Pursuing the Pedagogy of Peoplehood: More Than Mifgash

Posted on August 24, 2012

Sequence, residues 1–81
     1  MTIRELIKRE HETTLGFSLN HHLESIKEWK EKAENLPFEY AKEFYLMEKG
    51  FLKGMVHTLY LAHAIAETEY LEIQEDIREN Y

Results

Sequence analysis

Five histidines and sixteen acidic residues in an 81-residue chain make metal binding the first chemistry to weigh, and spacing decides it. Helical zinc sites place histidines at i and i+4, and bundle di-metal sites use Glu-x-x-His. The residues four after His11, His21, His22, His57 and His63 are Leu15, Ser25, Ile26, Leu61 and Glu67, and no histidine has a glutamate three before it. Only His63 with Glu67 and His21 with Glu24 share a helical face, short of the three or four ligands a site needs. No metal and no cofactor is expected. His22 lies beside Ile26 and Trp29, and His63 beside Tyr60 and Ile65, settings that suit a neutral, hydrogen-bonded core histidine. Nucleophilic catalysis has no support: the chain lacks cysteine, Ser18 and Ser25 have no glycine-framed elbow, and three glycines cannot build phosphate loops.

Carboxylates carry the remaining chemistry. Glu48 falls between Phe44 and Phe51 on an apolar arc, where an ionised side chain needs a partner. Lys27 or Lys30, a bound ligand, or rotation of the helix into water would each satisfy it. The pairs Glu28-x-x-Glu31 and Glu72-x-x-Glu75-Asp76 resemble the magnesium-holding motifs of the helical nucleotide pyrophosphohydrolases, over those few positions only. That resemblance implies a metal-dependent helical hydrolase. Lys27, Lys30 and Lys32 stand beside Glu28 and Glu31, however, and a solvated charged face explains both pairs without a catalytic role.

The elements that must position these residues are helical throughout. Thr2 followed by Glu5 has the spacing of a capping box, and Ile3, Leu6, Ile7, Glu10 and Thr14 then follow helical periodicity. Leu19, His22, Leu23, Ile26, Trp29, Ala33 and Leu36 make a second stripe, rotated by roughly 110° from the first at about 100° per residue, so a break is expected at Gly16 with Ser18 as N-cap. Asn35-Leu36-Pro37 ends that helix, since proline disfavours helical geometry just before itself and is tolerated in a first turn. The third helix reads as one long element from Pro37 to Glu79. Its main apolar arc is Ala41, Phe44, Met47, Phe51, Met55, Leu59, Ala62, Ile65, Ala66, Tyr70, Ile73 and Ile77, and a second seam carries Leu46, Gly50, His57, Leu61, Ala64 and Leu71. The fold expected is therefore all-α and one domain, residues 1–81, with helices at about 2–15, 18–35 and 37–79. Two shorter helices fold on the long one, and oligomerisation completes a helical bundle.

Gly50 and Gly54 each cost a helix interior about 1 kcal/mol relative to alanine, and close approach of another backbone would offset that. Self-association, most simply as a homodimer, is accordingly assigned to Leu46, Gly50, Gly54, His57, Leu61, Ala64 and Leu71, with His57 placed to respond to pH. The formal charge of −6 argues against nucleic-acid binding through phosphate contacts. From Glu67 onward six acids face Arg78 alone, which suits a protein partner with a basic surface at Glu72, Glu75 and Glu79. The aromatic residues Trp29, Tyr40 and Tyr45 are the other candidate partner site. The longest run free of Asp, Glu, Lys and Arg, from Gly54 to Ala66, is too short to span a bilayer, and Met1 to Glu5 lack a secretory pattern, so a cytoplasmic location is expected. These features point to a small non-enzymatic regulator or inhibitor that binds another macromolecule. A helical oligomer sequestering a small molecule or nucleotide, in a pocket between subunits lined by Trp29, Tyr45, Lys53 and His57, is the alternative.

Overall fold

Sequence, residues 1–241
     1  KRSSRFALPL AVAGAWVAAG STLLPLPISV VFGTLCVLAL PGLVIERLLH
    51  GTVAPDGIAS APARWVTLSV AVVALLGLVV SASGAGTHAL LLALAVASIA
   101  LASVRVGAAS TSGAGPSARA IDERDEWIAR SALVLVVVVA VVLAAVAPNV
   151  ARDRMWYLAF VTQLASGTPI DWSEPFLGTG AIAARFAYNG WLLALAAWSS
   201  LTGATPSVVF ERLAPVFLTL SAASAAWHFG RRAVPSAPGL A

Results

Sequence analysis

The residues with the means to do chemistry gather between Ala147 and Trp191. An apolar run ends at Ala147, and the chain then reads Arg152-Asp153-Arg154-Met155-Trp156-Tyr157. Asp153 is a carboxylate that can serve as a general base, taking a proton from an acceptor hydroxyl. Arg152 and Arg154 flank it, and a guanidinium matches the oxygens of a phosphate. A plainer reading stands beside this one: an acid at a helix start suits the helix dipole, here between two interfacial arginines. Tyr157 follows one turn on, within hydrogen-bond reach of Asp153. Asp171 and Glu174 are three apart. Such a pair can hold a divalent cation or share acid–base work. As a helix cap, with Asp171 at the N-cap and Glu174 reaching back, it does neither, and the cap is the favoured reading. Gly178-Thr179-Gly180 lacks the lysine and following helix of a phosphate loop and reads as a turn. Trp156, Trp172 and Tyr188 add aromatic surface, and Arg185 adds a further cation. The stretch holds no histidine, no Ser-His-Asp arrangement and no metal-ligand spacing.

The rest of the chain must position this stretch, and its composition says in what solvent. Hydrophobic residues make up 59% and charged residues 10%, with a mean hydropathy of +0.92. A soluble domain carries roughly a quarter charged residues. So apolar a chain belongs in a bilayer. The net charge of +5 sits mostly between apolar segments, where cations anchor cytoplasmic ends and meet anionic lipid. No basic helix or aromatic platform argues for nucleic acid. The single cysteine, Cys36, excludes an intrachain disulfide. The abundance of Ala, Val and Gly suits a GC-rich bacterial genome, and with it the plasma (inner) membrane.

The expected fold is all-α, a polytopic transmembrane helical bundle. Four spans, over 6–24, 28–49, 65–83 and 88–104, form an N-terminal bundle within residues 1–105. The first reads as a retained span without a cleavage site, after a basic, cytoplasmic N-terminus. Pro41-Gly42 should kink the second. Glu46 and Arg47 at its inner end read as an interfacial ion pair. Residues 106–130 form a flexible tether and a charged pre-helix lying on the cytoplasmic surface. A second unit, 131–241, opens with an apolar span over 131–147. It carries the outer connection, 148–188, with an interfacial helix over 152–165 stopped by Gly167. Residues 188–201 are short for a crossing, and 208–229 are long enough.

In Jon A. Levisohn’s segment in, “The Peoplehood Papers 8,” he encourages education as a way of increasing peoplehood and connection to one another.  “Our peoplehood project will be well served by constructing educational programs that intentionally develop Jewish narratives, that target the learning of Jewish languages (metaphorical or literal), and that cultivate an emotional connection to specific objects of shared attention – story, language, and love.”  I believe that we need to work diligently to engage new people and to show that we want and need their involvement.  Levisohn explains that “the language of Talmud or of Tikkun Olam, or Hebrew – connects me to others, living o dead.  But it does not connect me to Jews who do not speak that language, nor does it necessarily connect me to or make me feel responsible for “the Jewish people.”  Rather than “preaching about the virtues of the Jewish people, or berating Jews for self-absorption or lack of attachment to Israel, or wondering why Jews don’t naturally recognize that ‘we are one’ or that all Jews are a family,” educating ourselves in peoplehood through “story, language, and love” is the way forward.  We here at Areyvut applaud Levisohn’s message here and are working towards educating the youth about peoplehood and instilling in them the proper values to achieve this.

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